Using Texting to Promote Learning and Literacy
By: Alise Brann, Tracy Gray, and PowerUp WHAT WORKS (2012)
Although research is ongoing, many educators have found benefits to incorporating students’ love of texting into classroom instruction.
Text messaging is one of the more popular pastimes these days, with billions of estimated users worldwide. Given this popularity, many educators and parents have started to wonder whether there might be any educational benefits in texting.
Texting and "text speak" can be used to help build foundational reading skills such as word recognition and phonological awareness. You can also use texting to generate discussions of formal and informal language and writing for different tasks, audiences, and purposes, which are necessary skills for meeting college and career readiness standards in reading, writing, language, and speaking and listening. Although it may not seem like it, texting is writing, and students who text frequently are engaging in frequent writing. Therefore, it makes sense to harness all of that energy and use it as a way to help your students build their writing skills!
Using in Your Classroom
Although texting in schools is often viewed as a distraction, some schools are beginning to look at ways to harness student interest in texting for educational purposes.
If your students are avid texters, consider these activities to build literacy skills:
- Use texting to launch discussions on formal versus informal language, comparing syntax, language, grammar, and usage of text and IM [instant messaging] with formal, written English. Recognize that texting IS writing! Although it may not be traditional writing, every text and instant message your students send is engaging them with language and print. Take advantage of student activities to build relevant lessons on writing for different audiences and purposes.
- Have your students use texting to create short summaries of longer, more formal pieces of literature; for example, how would the famous dialogue between Romeo and Juliet in the orchard ("But, soft! What light through yonder window breaks? It is the east, and Juliet is the sun …") have been different if conducted via text? Do relationships and meanings suffer from the medium?
- Introduce your students to Google SMS, ChaCha, or other texting answer services. Users can send a text message query and quickly receive definitions, translations, maps, directions, and other pieces of information that can serve as just-in-time supports for reading, anytime and anywhere.
- Allow students to text responses during class discussions. This can be beneficial for students with learning disabilities or those who are English language learners (ELLs). Often, these students may struggle to find the right words during high-pressure situations. Allowing them to think about an answer and compose it before responding may increase participation in class discussions.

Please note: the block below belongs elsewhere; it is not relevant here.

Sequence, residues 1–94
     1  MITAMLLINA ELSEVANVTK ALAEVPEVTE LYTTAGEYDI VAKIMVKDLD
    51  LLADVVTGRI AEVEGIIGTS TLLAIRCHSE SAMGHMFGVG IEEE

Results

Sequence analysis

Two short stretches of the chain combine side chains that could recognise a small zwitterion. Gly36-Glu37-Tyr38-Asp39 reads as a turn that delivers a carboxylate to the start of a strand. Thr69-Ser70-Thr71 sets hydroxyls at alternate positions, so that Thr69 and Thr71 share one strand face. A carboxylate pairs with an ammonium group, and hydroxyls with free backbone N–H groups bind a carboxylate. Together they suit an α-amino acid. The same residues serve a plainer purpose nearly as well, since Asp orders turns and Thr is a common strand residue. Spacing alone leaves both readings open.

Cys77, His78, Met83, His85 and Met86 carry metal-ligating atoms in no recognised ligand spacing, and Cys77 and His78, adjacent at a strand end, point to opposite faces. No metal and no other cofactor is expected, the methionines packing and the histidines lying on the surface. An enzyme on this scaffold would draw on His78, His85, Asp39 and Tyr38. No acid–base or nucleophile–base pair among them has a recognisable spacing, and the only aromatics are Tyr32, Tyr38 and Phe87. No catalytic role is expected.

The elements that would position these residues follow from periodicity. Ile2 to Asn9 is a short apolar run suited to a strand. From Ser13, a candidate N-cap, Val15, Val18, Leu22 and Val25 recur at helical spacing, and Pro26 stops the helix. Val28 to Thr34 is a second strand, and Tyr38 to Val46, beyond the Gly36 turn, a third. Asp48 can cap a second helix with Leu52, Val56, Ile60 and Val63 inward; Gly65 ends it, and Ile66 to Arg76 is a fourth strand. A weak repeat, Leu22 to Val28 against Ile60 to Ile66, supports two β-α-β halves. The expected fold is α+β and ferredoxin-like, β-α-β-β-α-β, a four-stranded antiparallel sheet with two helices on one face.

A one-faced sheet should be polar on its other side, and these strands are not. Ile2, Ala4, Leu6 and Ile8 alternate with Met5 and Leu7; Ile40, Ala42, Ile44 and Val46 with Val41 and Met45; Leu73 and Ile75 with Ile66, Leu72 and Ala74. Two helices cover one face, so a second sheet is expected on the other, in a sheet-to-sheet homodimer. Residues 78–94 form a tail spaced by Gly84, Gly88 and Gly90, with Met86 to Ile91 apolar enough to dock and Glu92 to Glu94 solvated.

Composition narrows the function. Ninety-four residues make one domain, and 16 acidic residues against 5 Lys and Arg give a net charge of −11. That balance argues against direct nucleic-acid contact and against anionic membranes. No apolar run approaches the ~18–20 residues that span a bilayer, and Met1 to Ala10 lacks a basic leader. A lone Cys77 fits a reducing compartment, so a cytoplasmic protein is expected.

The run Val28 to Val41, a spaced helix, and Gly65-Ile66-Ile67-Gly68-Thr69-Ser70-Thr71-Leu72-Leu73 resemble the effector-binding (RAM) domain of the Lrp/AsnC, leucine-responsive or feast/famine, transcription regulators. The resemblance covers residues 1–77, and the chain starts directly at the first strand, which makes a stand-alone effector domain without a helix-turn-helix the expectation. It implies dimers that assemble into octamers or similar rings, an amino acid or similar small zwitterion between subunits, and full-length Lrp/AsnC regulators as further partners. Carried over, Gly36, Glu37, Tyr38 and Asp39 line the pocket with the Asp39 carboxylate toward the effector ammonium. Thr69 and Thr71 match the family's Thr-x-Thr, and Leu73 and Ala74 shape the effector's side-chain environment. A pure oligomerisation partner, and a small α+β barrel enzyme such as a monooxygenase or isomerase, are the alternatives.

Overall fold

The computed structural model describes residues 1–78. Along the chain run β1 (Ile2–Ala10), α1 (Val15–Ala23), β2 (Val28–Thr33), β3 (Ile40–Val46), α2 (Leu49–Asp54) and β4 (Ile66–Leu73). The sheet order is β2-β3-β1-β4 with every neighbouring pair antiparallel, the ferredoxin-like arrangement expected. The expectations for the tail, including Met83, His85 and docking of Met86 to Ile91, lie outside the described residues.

Encourage your students to write often, whether through e-mail, IM, text, blogging, or another medium; recognize that all writing is important. Recent research has shown that students who regularly use "text speak" have better word recognition, vocabulary, and phonological awareness. Consider that in order for students to utilize abbreviations, shortenings, symbols, slang, and nontraditional spellings, they need to have some idea about how language and syntax work.
What the Research Says
When considering the use of mobile phones and texting in your classroom, it is important to ensure that your students understand texting charges and that parents are aware of your plans. For example, you may send a note home suggesting a text reminder of important assignments that both parents and students can sign up for.
However, many families may have limited texting plans, so this should be a consideration. Even if students are not actively texting as part of a lesson, it can be used as an engaging discussion point to draw attention to the evolution of language and how writing may change for different audiences and purposes.
To date, little research has been done about texting and its educational benefits for students (both with and without disabilities), but there are some applications that have promising uses for struggling students. Some teachers have begun allowing students to text answers and comments during classroom discussions. In one example of the benefits of this use of texting, an educator in Texas asked her ELLs to text responses to her and their classmates. She said, "Not only did I have more replies than I expected, but the questions were open-ended so students used more English … I had students who rarely join in discussions in class share ten or more responses" (Bernard, 2008). This usage could also benefit other struggling students and students with learning disabilities who may not feel confident about participating in class discussions. Allowing students to text their answers means students can take a moment to think about what they want to say and compose their answers carefully.